"Come in, Mr. Madison," the Russian's voice emanated from ceiling speakers inside. "I hope you did not expect to meet me face to face. As you know, I value my privacy. But please, do sit down. We have much to discuss."

The thug behind me clamped a meaty hand on my shoulder as we approached a black leather sofa sectional, and he shoved me into compliance. I found myself enveloped in a cloud of cushy, genuine cowhide. Faux-leather could never smell anything like it, even with the scented chemicals they pumped into the material. I had to shut my eyes for a second and just take it in.

"Might James fix you a drink?" asked the omnipotent voice from above.

"James can go take a flying leap," I said, and the chauffeur glared at me.

"Oh? Did you two not hit it off?"

I glanced up at the speakers. "Sure we did. Until it became clear that he was just part of an elaborate waterfowl hunt."

The goons frowned at each other and shrugged. Only James seemed to understand. "He means a wild goose chase."

Another thick chuckle came from the speakers. "What tipped you off, Mr. Madison?"

"I guess we could have driven straight into Little Tokyo—yakuza territory—and asked around, shown little Mao's photo to a few hundred people, had some run-ins with katana-wielding gangsters who bear no love for anything Anglo. I'm sure it would have been plenty exciting for whoever you'd sent to watch me chase my tail in circles. But I've been at this game long enough to spot a diversion when I see it, even if it's a klick away." I cleared my throat and focused on James the Chauffeur. "You wanted me out of the way while you moved the girl. You'd already knocked off the Harrisons, and ol' Cauliflower Carl. He'd let it slip that she was a golden goose, and you couldn't let him live after that, now could you?"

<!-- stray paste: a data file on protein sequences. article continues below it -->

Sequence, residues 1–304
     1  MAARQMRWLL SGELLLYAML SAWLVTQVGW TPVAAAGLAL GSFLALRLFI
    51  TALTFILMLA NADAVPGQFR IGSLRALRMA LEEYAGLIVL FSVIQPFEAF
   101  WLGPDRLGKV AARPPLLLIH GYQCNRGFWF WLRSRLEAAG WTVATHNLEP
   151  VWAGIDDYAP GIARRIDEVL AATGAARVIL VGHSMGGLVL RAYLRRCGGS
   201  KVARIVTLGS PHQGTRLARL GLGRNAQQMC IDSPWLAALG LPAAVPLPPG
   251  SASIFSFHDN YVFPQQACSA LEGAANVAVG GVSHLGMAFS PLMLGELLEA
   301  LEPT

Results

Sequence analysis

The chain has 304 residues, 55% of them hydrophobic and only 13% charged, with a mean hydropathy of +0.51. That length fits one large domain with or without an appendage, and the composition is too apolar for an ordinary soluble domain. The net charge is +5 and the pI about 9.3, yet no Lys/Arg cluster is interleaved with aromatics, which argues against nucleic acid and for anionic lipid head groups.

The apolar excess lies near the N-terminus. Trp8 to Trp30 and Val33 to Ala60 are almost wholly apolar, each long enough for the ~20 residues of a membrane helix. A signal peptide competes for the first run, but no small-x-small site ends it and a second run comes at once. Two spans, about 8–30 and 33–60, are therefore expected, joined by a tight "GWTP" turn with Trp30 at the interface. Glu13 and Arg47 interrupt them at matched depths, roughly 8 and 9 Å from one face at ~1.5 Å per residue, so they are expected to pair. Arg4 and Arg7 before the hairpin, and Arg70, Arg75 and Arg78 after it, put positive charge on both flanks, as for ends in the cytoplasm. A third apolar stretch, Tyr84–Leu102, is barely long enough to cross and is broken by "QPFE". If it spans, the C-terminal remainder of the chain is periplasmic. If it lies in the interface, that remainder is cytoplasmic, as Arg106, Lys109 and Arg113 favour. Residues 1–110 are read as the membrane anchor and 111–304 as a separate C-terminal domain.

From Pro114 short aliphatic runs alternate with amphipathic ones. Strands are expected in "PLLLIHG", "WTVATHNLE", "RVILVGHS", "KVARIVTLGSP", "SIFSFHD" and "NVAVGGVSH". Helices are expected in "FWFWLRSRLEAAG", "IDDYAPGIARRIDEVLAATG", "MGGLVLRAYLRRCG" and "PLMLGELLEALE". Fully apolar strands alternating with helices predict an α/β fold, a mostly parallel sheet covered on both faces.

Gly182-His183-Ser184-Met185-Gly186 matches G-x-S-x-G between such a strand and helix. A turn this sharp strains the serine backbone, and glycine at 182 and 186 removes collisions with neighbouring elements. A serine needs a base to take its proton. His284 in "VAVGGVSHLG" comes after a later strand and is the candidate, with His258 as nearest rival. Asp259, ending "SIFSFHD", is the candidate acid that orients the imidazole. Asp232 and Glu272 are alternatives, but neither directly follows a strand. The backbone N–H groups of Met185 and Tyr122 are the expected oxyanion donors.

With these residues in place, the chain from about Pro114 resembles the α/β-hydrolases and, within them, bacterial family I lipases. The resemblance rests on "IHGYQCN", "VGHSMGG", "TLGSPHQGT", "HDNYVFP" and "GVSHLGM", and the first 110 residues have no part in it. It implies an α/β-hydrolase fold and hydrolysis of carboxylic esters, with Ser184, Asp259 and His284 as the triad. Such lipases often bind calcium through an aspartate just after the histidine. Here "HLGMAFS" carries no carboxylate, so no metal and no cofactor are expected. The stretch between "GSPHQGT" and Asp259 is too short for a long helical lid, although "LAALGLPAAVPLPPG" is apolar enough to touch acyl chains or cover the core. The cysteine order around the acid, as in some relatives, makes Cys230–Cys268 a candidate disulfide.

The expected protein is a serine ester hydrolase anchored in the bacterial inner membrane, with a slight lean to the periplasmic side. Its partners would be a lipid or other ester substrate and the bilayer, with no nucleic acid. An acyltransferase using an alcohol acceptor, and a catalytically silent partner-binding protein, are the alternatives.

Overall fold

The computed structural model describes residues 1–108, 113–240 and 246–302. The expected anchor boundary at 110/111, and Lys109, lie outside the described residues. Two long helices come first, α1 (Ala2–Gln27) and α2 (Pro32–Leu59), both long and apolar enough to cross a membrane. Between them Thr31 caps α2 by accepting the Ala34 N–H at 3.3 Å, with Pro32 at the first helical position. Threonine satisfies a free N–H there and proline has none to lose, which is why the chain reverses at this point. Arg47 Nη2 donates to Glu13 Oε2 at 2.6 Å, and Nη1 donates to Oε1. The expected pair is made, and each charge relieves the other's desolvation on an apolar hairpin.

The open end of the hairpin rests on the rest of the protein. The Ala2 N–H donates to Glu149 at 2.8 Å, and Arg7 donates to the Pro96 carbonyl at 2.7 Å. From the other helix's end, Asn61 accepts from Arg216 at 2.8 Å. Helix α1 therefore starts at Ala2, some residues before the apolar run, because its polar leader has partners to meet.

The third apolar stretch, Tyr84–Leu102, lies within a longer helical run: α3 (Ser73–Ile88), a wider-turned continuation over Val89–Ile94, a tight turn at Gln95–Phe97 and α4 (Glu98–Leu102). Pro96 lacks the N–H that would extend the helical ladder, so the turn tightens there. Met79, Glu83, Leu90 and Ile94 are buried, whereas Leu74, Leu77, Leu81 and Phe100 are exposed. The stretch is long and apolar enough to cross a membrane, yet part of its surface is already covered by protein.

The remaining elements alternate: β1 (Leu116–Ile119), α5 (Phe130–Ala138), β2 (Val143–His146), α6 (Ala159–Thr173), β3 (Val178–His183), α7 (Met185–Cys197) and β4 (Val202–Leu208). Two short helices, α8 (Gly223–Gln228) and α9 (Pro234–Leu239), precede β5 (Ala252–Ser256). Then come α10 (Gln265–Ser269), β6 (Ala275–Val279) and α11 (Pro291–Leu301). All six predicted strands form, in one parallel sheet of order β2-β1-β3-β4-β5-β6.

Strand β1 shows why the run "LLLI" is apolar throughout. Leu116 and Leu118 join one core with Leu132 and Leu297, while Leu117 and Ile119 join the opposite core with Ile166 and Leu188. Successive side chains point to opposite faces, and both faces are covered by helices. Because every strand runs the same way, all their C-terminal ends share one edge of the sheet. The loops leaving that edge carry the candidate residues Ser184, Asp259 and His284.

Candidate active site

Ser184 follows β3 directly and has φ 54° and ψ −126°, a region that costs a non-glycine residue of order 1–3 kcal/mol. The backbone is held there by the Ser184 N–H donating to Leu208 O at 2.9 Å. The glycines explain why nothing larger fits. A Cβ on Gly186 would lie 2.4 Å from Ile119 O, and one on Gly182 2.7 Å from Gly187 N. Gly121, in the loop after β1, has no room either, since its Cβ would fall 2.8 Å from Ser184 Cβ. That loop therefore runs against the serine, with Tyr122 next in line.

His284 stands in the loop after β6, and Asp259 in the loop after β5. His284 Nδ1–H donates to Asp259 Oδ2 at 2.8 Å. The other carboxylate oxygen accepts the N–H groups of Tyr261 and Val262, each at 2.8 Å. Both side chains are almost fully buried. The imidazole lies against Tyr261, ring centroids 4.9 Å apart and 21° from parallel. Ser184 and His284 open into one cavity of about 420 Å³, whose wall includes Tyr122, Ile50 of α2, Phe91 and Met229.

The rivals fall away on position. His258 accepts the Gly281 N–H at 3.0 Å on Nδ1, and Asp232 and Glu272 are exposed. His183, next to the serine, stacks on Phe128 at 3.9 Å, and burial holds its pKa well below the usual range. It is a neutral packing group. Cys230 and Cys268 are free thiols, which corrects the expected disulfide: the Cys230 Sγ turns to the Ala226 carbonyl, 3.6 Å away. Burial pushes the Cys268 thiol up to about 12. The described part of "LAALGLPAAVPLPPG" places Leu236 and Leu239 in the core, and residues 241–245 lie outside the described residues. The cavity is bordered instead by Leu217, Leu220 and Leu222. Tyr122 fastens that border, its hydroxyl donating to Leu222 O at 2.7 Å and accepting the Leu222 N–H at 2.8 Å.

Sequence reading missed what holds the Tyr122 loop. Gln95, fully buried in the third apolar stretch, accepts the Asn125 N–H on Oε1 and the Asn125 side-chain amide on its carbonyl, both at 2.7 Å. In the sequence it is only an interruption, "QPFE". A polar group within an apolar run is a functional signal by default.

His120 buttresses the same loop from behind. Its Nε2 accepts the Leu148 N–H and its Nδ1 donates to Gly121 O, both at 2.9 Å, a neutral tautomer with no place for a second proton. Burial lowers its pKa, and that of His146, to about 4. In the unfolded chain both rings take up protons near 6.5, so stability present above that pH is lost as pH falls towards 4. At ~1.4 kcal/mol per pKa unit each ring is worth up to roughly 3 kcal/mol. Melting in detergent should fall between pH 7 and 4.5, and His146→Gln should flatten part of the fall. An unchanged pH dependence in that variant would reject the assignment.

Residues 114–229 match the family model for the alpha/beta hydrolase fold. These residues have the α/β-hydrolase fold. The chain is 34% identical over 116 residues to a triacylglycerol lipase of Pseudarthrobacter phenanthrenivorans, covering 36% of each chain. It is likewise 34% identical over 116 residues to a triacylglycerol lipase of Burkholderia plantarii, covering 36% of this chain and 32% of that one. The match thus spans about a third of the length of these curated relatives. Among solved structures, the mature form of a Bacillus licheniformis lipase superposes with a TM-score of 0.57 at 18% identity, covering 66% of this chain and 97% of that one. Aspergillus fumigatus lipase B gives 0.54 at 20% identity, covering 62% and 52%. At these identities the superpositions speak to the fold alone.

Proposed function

"Nobody likes a man with loose lips," Ivan said. "It would have been bad business to keep him alive. But tell me, how did you find out about Carl?"

"Not every cop on the force is in your pocket. Some of them actually want to take their city back."

"And you would like to join in this crusade?"

I raised my hands in mock surrender. "Hey, I'm no hero."

"You could have fooled me. The way you stick your neck out for this little girl. Who is she to you? Why risk your life like this? You don't know if she is dead or alive."

"That's where you're wrong, Ivan." I let the silence run on. "I know she's right here."

"Is that so?"

"Why else would we be having this conversation?"

The Russian replied with his own pregnant pause, followed by a cold phlegm-coated chuckle. "You are a man without fear, Mr. Madison. I don't know whether to respect you or pity you. For you must realize, regardless of what words pass between us now, this is the end for you."

I'd been living on borrowed time ever since his men had surprised me in my office. Ivan the Terrible decided who lived and died in this town; everybody knew that. Even Mr. Newspaper, God rest his soul. Sergeant Douglass had found the old man with a bullet in his brainpan behind the newspaper stand. More collateral damage.